We presently got even weirder results about the 'alien-mega structure' star - Physics-Astronomy.org

We presently got even weirder results about the 'alien-mega structure' star

Previous year, the world freaked out over the finding of a star that was dimming and flickering so erratically, it couldn't be explain by any known natural phenomenon - prompting one scientist to really go there and suggest it could be evidence of a few kind of alien megastructure.
Follow-up studies have exposed no signs of alien behaviour, but NASA's Kepler Space Telescope has presently spent around 1,600 days observe the star, and things have gotten a lot weirder.
"We spent a extended time annoying to convince ourselves this wasn’t genuine," one of the researchers, Ben Montet from Caltetch, told Maddie Stone over at Gizmodo. "We presently weren’t able to."

The results of these latest observations have presently gone up on pre-print site arXiv, so other members of the astronomy society can do their best to poke holes in them - which means we can't read too a great deal into them for now
But essentially what Kepler saw was KIC 8462852, also known as Tabby's star, dimming at such an incredible rate that it can't solely be explain by any of the most important hypotheses we had: comet swarms, or the effects of a warped star.
That doesn't mean we have any extra evidence for the alien megastructure hypothesis - the internet-backed idea that an superior civilisation is building amazing giant, like a hypothetical Dyson sphere, approximately the star to harvest its energy.
But what it does suggest is that something's going on roughly the star that we've never seen wherever in the cosmos before - the majority likely a combination of strange phenomena.
The Kepler data in the newest study was analysed by two Caltech scientists to get an understanding of how the star changed in brightness over the extra than 4- years the telescope was pointed in its direction.
What they saw was that, not only did the star's light production infrequently dip by 20 percent - the weird behaviour scientists first spotted previous year - but over the course of the observations, its entire stellar flux in fact dimmed.
For the 1st  1,000 days Kepler was observing the star, that moving back wasn't too extreme - the star drop in luminosity by about 0.34 percent per year.
But over the next 200 days, the star dimmed extra than 2 percent before levelling off. In total, the star lost around 3 percent of its totality luminosity during the four-year period.
The researchers analysed data on 193 near stars, and 355 stars that are similar to Tabby's star, and couldn't discover anything else like it.
So what does that mean? Well, we still don't actually know.
The majority likely answer is that there is a combination of factors involved, and we can't rule out any of the obtainable hypotheses, such as the effects of a indistinct star, a comet swarm, or the debris from an exploded planet.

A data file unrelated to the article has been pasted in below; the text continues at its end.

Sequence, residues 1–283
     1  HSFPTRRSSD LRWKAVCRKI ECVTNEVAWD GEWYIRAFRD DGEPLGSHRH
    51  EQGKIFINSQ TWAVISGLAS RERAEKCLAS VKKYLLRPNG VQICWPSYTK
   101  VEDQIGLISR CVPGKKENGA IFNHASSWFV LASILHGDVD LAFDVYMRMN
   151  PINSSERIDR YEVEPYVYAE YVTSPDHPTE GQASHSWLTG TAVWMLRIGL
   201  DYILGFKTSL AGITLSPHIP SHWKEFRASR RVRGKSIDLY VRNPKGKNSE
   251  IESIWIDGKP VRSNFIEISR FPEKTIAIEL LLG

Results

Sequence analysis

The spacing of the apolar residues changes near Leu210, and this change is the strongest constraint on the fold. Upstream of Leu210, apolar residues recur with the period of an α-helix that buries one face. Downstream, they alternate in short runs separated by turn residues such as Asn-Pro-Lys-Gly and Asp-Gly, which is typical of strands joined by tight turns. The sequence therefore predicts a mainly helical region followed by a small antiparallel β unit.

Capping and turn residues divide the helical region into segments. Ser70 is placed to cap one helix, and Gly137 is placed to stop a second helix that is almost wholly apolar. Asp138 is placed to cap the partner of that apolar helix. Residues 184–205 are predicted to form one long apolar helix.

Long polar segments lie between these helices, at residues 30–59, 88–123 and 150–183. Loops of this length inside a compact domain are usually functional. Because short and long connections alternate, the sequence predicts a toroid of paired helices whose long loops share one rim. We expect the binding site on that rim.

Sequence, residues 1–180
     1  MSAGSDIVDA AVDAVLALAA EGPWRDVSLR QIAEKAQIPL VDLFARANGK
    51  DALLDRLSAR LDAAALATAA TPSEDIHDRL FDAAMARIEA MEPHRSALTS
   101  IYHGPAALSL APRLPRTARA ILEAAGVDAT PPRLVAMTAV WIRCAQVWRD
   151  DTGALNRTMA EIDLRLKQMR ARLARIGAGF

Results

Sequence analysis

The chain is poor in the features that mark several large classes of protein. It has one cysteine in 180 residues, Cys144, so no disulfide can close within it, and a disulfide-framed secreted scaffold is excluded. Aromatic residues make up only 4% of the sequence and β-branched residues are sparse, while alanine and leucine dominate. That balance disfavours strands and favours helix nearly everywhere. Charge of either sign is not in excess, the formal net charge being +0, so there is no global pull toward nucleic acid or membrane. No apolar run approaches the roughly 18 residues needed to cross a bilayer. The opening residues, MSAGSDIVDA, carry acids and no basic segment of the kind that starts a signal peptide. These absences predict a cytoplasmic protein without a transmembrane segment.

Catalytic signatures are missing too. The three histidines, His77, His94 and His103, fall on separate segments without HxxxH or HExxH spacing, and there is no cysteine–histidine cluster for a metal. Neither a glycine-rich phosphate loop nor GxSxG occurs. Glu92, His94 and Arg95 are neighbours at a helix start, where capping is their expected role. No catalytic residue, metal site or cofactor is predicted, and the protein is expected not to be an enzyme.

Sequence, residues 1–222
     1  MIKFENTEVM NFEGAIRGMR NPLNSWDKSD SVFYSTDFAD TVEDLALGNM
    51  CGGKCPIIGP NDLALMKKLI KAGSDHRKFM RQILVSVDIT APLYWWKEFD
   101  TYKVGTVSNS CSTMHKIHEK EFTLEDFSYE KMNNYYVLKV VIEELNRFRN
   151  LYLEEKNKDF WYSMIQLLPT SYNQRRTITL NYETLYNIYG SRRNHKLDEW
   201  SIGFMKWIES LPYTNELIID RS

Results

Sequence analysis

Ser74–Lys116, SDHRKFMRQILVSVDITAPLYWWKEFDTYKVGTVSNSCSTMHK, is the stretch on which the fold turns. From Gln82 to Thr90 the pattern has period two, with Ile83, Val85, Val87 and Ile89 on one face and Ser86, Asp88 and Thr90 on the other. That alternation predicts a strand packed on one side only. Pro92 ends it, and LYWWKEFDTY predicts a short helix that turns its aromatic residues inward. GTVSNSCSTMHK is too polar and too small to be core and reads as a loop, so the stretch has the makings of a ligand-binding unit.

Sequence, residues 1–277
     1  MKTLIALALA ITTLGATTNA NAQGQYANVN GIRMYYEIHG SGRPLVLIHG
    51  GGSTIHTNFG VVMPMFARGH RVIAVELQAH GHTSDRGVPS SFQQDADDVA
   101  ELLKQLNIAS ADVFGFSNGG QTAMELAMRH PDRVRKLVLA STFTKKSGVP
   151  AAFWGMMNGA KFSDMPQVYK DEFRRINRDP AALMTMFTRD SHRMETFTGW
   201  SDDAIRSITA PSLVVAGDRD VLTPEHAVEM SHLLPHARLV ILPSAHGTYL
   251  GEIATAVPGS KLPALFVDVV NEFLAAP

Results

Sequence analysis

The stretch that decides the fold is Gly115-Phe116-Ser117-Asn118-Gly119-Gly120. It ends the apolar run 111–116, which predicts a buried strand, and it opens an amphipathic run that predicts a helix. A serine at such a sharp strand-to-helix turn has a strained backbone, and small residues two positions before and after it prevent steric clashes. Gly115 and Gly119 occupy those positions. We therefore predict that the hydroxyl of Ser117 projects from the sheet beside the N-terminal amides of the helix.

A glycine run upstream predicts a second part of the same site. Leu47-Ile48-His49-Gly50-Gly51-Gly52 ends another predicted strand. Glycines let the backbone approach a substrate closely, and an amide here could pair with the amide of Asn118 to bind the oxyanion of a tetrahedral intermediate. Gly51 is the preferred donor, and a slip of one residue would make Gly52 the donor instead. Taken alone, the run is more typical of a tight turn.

But one of those on its own can't give details what Kepler has seen.
"The new paper states, and I agree, that we don’t have any in truth good models for this sort of behaviour," Jason Wright, the Penn State canvasser who originally started the whole alien megastructure thing, told Gizmodo. "That’s exciting!"
This isn't the 1st time that researchers have spotted Tabby's star dimming strangely, either. A paper previous this year showed that the star had unexplainably diminished by 19 percent over the past 100 years, but those consequences have since been widely discredited.
The new Kepler comments, on the other hand, suggest that the star is really dimming twice as fast, but these results also require to be independently verified previous to we can take them too seriously.
The superior news is that researchers are currently gearing up to point the Las Cumbres Observatory Global Telescope Network at Tilly's star for a full year, with the expect of catching it in the act as it flickers - if that happens, other telescopes around the world can be heading for at the star, to get an idea of what's going on once and for all.
In the meantime, we would remind you that it's extremely, very unlikely that this strange flickering star has something to do with aliens (and is even more exciting if it doesn't - because, hello new space phenomena!). But we recognize you're not going to listen anyway, so go ahead and obtain the memes ready.
After all, it's not every day you discover a star system that continue to defy science.
We presently got even weirder results about the 'alien-mega structure' star

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